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Doctors Perform 4 Successful Uterus Transplants

In September, Texas doctors broke new ground in the fight against infertility. For the first time in the United States, a hospital in Texas has performed four uterus transplants using living donors. A earlier transplant took place in February 2016, but it was unsuccessful because of a common yeast infection.

Three of the uteruses have been removed due to insufficient blood flow, but the fourth transplant appears to be successful. A statement from Baylor University Medical Center in Dallas says the surgical team was “cautiously optimistic” the fourth uterus would function normally.

Lead surgeon Giuliano Testa told Time:

This is the way we advance, from learning from our mistakes. I am not ashamed of being the one who will be remembered as the guy who did four [transplants] in the beginning and three failed. Even if through failure, I am going to make this work.

The four women who received the transplanted uteruses all suffered from Mayer-Rokitansky-Küster-Hauser syndrome, as they were born without a uterus. When a woman is born without a uterus, or when she has a damaged uterus, a transplant would provide an opportunity to become pregnant and have a child.

Of course, the transplant procedure is still in the experimental stages, and the failure rate is high. Brigham and Women’s Hospital in Boston has also been approved to attempt the procedure.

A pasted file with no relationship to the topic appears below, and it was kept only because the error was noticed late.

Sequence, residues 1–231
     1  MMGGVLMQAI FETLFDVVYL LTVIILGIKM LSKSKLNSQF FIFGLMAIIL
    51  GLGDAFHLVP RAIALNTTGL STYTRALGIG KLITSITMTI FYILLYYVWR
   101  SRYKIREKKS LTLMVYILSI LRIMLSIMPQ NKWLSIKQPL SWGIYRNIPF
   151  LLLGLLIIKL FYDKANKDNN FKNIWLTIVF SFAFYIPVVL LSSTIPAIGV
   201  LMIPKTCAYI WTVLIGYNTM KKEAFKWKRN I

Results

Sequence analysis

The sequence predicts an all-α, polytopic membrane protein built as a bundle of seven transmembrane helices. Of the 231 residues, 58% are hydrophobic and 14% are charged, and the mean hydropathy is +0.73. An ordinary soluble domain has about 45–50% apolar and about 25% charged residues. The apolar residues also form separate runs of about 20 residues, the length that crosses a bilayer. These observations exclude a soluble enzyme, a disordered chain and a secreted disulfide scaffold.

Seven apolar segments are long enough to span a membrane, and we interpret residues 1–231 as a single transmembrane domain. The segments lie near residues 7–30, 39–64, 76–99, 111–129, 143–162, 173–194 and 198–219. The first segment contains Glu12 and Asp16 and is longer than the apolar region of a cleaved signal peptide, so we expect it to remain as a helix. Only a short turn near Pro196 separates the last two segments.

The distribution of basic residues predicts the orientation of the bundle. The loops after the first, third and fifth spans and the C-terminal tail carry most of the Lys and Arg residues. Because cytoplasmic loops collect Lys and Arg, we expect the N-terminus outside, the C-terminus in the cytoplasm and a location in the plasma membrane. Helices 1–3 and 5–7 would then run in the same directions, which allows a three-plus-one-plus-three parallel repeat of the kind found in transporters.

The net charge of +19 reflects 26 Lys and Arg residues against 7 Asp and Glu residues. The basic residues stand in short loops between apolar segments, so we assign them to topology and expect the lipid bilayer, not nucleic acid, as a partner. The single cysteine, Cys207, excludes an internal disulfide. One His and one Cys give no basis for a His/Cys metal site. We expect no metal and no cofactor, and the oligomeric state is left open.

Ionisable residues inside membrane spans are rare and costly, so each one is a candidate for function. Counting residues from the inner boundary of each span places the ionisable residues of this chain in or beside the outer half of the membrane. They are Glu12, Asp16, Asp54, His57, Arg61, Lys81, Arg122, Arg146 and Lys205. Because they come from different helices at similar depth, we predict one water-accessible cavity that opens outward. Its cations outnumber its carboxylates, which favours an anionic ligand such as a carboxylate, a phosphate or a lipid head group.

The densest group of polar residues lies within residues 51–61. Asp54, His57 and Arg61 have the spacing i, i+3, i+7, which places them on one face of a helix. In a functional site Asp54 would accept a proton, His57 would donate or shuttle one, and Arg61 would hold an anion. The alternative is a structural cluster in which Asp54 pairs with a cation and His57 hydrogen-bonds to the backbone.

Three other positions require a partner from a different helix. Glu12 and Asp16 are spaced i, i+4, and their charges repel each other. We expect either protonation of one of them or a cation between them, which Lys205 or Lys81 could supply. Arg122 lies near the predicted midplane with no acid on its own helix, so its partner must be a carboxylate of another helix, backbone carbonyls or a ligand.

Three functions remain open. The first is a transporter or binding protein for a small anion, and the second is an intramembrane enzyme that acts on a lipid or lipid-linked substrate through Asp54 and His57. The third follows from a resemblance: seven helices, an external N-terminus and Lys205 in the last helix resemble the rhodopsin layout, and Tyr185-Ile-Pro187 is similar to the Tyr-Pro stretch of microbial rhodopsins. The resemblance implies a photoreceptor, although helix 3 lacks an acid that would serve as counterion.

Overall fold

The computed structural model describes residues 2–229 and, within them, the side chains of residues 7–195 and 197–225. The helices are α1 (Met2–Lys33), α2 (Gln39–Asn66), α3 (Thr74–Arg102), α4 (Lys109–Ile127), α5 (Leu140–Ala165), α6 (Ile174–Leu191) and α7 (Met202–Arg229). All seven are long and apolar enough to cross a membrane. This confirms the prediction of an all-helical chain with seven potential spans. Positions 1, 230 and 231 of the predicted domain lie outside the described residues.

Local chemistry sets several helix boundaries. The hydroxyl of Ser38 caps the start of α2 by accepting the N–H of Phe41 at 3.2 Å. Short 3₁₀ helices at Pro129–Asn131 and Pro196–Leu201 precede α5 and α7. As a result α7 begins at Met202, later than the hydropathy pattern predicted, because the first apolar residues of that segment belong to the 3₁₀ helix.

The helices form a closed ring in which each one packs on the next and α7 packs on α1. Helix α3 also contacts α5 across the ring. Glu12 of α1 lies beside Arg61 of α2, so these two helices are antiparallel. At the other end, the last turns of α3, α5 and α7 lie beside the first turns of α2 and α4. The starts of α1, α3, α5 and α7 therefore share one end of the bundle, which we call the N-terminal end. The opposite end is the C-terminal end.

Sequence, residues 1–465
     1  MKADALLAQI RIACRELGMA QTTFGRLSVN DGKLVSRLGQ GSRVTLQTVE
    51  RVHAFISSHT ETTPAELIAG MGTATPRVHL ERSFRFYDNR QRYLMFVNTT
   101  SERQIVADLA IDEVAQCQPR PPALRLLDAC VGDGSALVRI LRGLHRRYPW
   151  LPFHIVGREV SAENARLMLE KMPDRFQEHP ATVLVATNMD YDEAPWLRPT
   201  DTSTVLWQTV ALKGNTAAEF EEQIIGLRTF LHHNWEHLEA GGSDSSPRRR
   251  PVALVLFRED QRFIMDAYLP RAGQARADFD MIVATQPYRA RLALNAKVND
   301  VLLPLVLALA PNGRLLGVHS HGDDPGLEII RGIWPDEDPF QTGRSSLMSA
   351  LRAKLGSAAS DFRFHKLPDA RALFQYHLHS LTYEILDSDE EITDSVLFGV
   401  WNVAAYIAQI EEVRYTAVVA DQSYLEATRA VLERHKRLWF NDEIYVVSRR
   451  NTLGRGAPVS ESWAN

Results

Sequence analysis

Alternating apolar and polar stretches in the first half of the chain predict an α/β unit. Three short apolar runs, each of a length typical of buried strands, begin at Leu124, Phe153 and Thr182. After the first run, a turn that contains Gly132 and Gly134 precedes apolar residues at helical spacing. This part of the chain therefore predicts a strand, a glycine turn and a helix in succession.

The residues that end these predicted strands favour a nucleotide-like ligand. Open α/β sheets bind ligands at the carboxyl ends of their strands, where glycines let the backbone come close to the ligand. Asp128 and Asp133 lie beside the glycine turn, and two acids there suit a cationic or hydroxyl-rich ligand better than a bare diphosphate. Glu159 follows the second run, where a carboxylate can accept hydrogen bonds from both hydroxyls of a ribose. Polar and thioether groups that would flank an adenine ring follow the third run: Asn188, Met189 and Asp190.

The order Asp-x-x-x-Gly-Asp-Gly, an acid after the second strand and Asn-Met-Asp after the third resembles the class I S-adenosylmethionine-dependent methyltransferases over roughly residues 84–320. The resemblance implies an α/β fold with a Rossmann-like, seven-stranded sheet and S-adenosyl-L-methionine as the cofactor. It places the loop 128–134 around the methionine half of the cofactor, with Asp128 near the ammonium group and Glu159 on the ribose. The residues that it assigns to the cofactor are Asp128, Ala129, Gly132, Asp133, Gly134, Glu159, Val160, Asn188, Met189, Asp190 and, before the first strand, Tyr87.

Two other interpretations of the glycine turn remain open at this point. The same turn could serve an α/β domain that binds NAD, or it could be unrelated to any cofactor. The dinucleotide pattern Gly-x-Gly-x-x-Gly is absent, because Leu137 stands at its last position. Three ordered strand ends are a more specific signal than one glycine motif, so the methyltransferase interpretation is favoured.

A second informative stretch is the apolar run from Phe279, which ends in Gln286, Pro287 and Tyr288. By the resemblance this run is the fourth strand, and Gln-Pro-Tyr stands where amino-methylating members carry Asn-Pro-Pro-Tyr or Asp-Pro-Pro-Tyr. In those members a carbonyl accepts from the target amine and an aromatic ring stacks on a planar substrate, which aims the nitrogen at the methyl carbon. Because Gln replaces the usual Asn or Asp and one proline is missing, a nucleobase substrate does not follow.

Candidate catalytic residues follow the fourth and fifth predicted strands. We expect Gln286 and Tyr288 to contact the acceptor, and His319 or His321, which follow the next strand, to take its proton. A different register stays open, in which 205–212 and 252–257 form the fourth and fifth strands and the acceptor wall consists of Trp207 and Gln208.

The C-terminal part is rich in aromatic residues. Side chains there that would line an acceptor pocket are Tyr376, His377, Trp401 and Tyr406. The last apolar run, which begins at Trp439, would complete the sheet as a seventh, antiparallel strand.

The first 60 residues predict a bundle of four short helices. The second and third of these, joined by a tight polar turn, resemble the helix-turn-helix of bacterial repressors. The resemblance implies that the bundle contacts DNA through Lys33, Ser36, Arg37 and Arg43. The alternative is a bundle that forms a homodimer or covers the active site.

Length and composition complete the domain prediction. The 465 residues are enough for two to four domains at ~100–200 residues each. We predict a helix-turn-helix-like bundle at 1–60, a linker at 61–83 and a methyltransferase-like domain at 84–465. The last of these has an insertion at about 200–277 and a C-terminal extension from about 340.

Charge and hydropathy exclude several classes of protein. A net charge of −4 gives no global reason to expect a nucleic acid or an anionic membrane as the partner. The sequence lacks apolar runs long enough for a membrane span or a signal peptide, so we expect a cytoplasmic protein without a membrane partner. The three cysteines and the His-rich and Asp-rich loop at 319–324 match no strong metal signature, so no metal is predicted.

Doctors in the United Kingdom plan to perform the procedure using uteruses from non-living donors. Prior to September, however, successful transplants had only been performed in Sweden, where nine procedures used living donors. Some of the women in Sweden have since given birth.

The Swedish surgical team worked alongside the Baylor physicians who performed the transplants in Dallas.

During the procedure, surgeons remove the uterus and part of the vagina from the living donor. Those are transplanted into the body of the recipient. Surgeons then connect the blood supply. There is no need to attach nerves.

If the woman who received the successful transplant continues to do well, she should be able to attempt pregnancy in six to 12 months. The uterus is not connected to her ovaries, so she will need to use in vitro fertilization. To avoid stress on the uterus, the baby will be delivered via C-section.

While this new procedure brings hope to many infertile women, it is still in the very early stages. It is also likely that, even when the procedure becomes clinically available, the financial cost will be prohibitive for many people.


Category: Wellness

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